Survey: Workers want on-site training

Many companies believe that they're maximizing efficiency by sending their employees to seminars and training sessions off-site, but workers strongly prefer on-site programs, according to a new study released by OfficeTeam.

According to the results, over 39 percent of workers prefer on-site training sessions led by in-house instructors. Reimbursed off-site training seminars received 32 percent of the vote, with the remaining options (reference books and online courses) collecting less than 20 percent each. 

"Professionals need to continually adapt to industry developments and expand their abilities so their job skills remain relevant," noted OfficeTeam executive director Robert Hosking, insinuating that one of the most important parts of finding and keeping valuable employees is offering them worthwhile training options. 

However, employers are struggling to keep up with their employees' standards. Only two-thirds of those who responded to the survey offered even a minimum of on-site training sessions, leaving over 30 percent of the workforce with a complete lack of the training they prefer. And over 10 percent of businesses admitted they offer no training options whatsoever, undoubtedly setting them backwards in terms of morale and employee retention.

"If their employer does not offer training options," Hosking noted, "workers should look for outside learning resources."

Improve your employees skills with meticulous training programs
While their preferences vary, it's clear that almost all prospective employees put a lot of value into training programs. No doubt, businesses are focused on making sure each new employee is trained to complete their responsibilities, but providing employees with bare-minimum levels of support will leave them unhappy, and unprepared. Such shortcuts only damages bottom lines.

Here are some tips to help you augment or improve your training program – and which, in turn, will allow you to get the most out of your workforce. 

Tip #1: Start a mentorship program
Training sessions are a good way to introduce new employees to your workforce, but it makes the mistaken assumption that they'll learn everything they need to know in an extremely short amount of time.

By assigning a compatible "mentor" to each new worker, owners can ensure that there's a support system in place to answer any of their questions and help them out of any problems, regardless of how long they've been working at their position. (It'll also help improve worker-to-worker communication, an important aspect of workplace morale.)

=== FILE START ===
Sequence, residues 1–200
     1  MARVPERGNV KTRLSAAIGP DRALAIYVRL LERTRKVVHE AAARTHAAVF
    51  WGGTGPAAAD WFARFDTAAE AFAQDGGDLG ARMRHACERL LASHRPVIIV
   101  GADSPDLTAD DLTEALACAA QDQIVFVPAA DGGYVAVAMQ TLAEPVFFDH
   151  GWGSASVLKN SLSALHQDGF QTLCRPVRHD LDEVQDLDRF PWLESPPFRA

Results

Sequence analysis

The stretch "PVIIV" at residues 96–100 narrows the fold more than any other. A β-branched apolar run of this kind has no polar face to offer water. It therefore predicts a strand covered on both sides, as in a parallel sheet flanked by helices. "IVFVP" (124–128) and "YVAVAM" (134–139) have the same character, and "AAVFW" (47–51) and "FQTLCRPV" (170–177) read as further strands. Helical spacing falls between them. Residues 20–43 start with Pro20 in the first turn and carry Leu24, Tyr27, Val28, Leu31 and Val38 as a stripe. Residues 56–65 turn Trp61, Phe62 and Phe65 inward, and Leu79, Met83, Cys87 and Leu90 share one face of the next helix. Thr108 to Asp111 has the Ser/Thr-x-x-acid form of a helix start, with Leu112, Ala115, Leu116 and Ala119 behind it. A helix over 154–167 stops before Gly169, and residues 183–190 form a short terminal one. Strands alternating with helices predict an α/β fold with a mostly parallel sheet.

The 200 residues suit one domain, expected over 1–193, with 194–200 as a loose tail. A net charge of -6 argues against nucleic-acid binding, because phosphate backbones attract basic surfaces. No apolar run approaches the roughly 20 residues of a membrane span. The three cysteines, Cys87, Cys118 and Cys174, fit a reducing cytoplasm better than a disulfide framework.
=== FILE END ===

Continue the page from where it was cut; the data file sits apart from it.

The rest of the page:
"Mentoring leads people to feel more supported. If they're happy employees, the clients are happier, and that leads to more referrals and more revenue," testified Chris Smith, a founding partner at business consulting firm Arryve, to success.com. "We see a linear flow of how mentoring drives our bottom line … why wouldn't you do it? There's no downside."

Tip #2: Foster an open corporate culture
One of the hardest parts about settling into a new profession – risk management jobs, private equity jobs, hedge fund jobs, or anything else – is learning and acclimating to the corporate culture. Each office has its own codes, its own way of doing things, and its own standards-and-practices.

A mentoring program can offer a new employee someone to look to and emulate in their behavior, but that likely won't be enough for them to become fully comfortable with their new culture. Extensive introductory tours and daily meetings, combined with mentorship options, will allow workers to settle into their new corporate homes with aplomb, and at a very fast rate.

A new employee is only as good as the training they're offered. Businesses need to offer intensive and consistent training programs – lest they lose the value of their most valuable new hires.